Ros Kelly – a former minister in the Keating government – allocated government funding on a large white board in her office. The board was then erased and poor records kept.
Mrs Kelly, a former teacher, stunned MPs when she told the inquiry that she made her decisions by writing the short-listed applications on ‘a great big whiteboard’ in her office, after which her staff rubbed them out.
Although no one accused Mrs Kelly of corruption, she performed unconvincingly in parliament against opposition charges that she had been biased, incompetent and had misled the House.
After first rejecting the charges, she was forced to concede that she had approved sporting grants in at least one marginal Labor seat after advice from her own department that the bodies in question were ineligible. Most leading newspapers called for her resignation last week. The parliamentary report, tabled yesterday, stated: ‘Her record- keeping was seriously inadequate and her administration was deficient.’
This got labelled the sport-rorts affair.
We now have the Fink-rort.
A GROUP of five cabinet ministers signed off on Labor’s independent media review without seeking written submissions on its terms of reference or the candidates to run it.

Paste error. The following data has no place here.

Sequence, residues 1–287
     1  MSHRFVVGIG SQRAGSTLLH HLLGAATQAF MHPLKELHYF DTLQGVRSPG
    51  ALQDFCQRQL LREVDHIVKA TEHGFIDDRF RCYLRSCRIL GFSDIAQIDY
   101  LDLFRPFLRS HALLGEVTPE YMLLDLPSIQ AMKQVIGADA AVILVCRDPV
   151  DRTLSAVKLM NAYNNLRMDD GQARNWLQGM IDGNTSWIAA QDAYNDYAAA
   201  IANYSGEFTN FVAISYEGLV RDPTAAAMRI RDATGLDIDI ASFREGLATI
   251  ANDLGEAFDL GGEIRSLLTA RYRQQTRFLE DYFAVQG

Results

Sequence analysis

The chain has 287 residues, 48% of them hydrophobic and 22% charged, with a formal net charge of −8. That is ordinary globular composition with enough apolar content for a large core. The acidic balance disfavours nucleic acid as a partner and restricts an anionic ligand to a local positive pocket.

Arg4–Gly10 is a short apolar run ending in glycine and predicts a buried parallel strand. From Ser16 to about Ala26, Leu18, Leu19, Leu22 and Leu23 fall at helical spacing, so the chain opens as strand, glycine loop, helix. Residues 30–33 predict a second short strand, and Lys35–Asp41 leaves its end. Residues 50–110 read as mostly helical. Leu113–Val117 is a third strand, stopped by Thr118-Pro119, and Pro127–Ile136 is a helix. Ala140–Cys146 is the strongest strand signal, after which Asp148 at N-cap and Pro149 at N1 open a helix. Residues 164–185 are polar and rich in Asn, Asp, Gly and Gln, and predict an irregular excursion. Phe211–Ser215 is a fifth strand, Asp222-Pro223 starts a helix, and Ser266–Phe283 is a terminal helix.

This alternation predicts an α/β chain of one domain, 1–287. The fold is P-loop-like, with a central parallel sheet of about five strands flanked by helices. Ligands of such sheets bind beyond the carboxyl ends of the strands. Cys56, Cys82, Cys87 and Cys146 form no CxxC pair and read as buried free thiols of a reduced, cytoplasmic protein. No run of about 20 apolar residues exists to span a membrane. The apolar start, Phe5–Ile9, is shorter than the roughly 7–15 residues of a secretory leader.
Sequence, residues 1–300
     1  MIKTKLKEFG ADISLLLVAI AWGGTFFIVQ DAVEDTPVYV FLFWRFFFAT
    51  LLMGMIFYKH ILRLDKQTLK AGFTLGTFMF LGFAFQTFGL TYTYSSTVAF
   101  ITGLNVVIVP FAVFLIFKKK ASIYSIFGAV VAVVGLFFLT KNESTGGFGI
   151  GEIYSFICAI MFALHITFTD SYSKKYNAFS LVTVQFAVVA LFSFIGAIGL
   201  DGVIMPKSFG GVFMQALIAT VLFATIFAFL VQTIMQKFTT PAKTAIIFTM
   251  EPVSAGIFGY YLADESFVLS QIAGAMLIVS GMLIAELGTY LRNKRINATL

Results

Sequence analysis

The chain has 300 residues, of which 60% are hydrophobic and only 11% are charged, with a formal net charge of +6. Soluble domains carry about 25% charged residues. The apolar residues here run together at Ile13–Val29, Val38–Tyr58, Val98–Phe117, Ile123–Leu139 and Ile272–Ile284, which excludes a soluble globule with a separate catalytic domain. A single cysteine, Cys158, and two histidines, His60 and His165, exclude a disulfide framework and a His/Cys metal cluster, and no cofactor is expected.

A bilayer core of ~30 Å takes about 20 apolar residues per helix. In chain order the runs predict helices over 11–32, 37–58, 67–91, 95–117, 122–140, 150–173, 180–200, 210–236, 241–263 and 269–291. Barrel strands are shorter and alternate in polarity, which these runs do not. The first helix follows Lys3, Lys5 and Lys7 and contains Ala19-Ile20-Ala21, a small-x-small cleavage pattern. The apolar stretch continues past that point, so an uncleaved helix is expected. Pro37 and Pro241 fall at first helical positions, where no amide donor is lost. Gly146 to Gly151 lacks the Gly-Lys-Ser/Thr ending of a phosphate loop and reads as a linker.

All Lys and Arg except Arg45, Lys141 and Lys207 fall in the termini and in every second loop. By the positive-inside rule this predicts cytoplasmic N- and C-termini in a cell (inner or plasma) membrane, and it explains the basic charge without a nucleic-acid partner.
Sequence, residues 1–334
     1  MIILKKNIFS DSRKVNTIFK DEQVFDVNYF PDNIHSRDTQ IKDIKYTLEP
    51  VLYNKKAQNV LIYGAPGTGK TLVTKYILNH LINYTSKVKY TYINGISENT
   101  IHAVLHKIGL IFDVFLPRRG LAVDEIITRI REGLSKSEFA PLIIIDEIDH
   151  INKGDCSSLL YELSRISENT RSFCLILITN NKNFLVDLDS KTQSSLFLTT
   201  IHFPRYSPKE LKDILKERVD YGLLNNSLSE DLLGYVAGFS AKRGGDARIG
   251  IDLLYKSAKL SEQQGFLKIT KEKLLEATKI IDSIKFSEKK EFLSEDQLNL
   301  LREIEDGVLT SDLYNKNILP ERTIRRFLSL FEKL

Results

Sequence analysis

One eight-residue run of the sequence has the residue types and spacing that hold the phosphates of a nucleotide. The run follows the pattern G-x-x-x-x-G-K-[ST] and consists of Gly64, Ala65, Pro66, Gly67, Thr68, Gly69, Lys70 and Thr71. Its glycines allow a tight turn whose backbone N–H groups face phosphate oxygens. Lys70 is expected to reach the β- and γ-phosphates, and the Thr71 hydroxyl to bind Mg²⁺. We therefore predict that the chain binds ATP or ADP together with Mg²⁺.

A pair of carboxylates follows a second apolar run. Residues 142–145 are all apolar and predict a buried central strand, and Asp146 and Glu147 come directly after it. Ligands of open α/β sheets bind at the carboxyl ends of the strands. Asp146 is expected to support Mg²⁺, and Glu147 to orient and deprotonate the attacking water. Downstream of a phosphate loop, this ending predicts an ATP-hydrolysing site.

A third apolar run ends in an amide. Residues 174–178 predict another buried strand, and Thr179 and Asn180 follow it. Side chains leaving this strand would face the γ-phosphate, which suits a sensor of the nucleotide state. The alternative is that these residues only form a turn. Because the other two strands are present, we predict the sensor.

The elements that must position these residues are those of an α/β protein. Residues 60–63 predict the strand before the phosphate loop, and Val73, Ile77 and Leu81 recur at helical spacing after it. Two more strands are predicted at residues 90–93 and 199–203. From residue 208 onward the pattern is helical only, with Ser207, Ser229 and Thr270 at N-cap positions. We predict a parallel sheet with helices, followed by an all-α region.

Details of how the inquiry was established emerged as officials revealed the inquiry’s head, former judge Ray Finkelstein, was paid $308,000 and the inquiry’s top adviser, academic Matthew Ricketson, was paid $175,000.
Officials from Communications Minister Stephen Conroy’s department told a Senate committee yesterday they were not asked for written advice on the review by Mr Finkelstein, who has called for statutory regulation of print and online news.
In the first detailed questioning over the process, the Senate estimates committee heard there was no cabinet submission about the Finkelstein review and that Senator Conroy’s department did not offer written advice about the terms of reference or the potential candidates who would lead it.
Julia Gillard, Wayne Swan, Anthony Albanese, Penny Wong and Senator Conroy signed off on the exercise after the government met with the Greens.
So did they even write up stuff on a white board or was it just a nod and a wink?